Making the case for protected cycleways in Manurewa

This is a guest blog piece by Richard Casey from Bike Manurewa. Richard lives and works in Manurewa, teaching at one of the local high schools. He is passionate about safer streets, particularly so that his students are safe to travel actively to and from school. He has written this blog to support the cycle improvements part of the Manurewa and Māngere Transport Choices submission which closes 4 October 2023.

Welcome to Manurewa, one of Tāmaki Makaurau Auckland’s sprawling outer suburbs. If you’re riding on a school morning, you might see me and my children on the way to the local high school, where I teach, and where my children are students. Navigating the busy traffic is a challenge; it takes some local knowledge to know the safest alleyways and side streets. For most people in Manurewa, because of the unsafe streets, it’s difficult to imagine life without a car, so a car becomes a necessity – whether you can afford it or not.

Recently Auckland Transport sought to create a new protected cycleway along Mahia and Roscommon roads. However, the majority of our Local Board fought against it and the project was cancelled.

Screenshot from the Manurewa Local Board 15 June 2023 meeting minutes – found here.

A new proposal for Manurewa has come up for consultation. ‘Manurewa and Māngere Transport Choices’ is a package of cycling, walking, and public transport improvements, funded through the Climate Emergency Response Fund. It includes safety improvements for the painted cycleway on Browns Road, the road where my school is located, as well as Weymouth road. Paint is not protection, and cars regularly park in this painted cycle lane, forcing people on bikes into the busy road corridor, or putting them at risk of being car-doored.

Map showing the painted cycleways that are proposed to have protection added. Image from Auckland Transport website.

Bike Auckland note: this package also includes upgrading the existing shared walking and cycling path through Moyle and Māngere Central Park, and adding a section which will create a more connected cycle network. Triple Teez have been advocating for this mahi (work) and we are excited to see it!

Have your say by 4 October for the Manurewa cycle improvements part of this project.

I knew the Local Board would again attempt to block this, but I wasn’t prepared to go down without a fight. This is the road my students, my children, and I ride every day; this time it was personal.

With the blessing of my principal, I surveyed staff and students from my school so their voices would be heard. Feedback from my school was unanimously in support of the cycleway and I heard some great statements.

“As a reasonably new cyclist, a female of 17 years, I ask you to reconsider the pros of these proposed improvements. I love biking to school, it is more efficient and healthy (physical and spiritual). Having barriers separating us from other vehicles would also get more cyclists on the roads.”

Highschool student, Manurewa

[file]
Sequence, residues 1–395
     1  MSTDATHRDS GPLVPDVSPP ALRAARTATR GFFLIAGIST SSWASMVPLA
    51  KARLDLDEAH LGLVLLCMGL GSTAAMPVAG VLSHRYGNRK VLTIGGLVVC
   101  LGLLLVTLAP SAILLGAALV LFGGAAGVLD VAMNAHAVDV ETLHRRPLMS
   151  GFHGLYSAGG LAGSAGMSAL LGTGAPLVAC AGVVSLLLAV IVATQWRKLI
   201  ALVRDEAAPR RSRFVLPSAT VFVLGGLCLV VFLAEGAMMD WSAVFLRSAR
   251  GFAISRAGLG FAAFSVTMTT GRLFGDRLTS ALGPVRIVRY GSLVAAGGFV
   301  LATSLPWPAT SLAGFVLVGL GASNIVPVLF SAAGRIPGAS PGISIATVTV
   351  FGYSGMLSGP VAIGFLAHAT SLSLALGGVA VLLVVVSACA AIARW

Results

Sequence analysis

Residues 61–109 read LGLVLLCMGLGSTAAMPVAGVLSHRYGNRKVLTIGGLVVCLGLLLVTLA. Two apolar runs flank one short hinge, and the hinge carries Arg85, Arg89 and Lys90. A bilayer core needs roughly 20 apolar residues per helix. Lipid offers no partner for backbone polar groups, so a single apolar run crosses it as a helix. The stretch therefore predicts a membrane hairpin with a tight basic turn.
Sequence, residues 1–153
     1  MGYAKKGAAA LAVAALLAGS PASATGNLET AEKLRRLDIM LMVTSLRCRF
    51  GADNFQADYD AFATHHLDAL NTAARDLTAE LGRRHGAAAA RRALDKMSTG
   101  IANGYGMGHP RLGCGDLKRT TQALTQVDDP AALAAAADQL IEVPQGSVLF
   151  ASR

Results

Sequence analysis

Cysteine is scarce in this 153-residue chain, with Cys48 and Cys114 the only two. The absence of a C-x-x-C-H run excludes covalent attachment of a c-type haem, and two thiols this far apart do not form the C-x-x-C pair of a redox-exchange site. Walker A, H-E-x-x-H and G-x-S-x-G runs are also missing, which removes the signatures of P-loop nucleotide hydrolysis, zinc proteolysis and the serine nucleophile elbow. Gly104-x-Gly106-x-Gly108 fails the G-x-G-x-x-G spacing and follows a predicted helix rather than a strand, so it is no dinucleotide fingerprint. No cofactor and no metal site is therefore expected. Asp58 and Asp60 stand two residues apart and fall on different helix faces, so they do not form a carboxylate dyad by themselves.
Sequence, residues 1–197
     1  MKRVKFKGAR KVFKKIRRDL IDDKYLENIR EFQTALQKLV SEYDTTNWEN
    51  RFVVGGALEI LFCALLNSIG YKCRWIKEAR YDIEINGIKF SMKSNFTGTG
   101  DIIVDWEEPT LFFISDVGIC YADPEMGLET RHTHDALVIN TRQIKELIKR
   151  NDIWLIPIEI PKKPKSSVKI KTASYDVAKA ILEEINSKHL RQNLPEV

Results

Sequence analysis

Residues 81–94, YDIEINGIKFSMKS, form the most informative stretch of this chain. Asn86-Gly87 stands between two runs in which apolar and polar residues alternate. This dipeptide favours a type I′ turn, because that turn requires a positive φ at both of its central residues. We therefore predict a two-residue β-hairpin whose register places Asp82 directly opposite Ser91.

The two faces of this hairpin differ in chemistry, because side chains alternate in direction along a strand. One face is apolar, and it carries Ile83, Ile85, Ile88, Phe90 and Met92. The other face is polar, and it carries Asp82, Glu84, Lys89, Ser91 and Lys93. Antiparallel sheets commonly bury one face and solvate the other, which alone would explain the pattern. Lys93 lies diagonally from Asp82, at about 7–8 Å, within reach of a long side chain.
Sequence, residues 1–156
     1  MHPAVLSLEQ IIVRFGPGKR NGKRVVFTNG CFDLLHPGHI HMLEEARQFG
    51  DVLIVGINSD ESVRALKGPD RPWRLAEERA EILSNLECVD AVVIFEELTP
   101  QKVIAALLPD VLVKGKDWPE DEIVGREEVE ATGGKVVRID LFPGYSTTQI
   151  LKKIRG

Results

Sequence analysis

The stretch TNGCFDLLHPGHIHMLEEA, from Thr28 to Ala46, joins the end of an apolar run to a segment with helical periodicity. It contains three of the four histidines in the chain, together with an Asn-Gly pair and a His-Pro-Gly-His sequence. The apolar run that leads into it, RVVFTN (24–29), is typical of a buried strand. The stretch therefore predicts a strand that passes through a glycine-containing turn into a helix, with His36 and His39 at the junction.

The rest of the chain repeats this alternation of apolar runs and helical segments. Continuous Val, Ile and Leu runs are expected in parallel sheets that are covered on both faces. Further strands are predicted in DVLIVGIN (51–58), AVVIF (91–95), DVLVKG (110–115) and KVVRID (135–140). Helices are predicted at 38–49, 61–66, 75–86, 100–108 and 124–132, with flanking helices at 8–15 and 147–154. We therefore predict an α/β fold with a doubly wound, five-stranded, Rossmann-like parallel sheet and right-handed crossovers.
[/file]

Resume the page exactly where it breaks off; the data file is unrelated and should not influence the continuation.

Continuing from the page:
“I have tried cycling to work and it was great for my fitness, energy & stress levels. However, there was enough risk from motorists that I have not cycled to work in over a year. The more protected cycleways there are in South Auckland, the better.”

Staff member, highschool in Manurewa

I presented these to the Manurewa Local Board as part of my case for protected cycleways in Manurewa. You can watch the video presentation in the Bike Manurewa Facebook Page through this link. My case:

  • Local Boards do not always represent everyone in our community. 34% of residents in Manurewa are under 18 and do not get heard in the Local Body voting system. Who will let their voice be heard?
  • Even though cyclists may be a minority on the road, we are the most invested in bike infrastructure. While motorists may be concerned about the inconvenience caused by cycleways, we’re concerned about lives.
  • The viability of cycleways should not be based on current cyclist numbers. With roads hostile to cyclists, of course numbers will be low. Decisions around cycleways should be based on the future potential gains of not only cycling but other forms of micro mobility such as e-scooters and e-bikes could also use the lanes.
  • With new zoning rules, housing density is rapidly growing, yet there is no room for new roads. New solutions need to be found to get our growing population around.
  • Cycling is an investment in the future. Hard data from around the world shows that cycling infrastructure pays for itself many times over.

Disappointingly, it appeared the Local Board had already made up their minds and they allowed little time for me to present the feedback or make a case. They voted 5 to 3 to oppose all the cycleway improvements.

But all is not lost. Supportive Local Board member Joseph Allan told me that Local Boards do not have the final say. This was very encouraging. So we took our case straight to Auckland Transport and Waka Kotahi through email. They were very receptive and glad that we could demonstrate local support for the project.

If you live, work, or regularly travel to / through Manurewa I encourage you to submit feedback online through the Auckland Transport website. The survey is open until the 4th of October. Together we can make the case for a safer, more bike-able Manurewa.

Image supplied by Richard Casey

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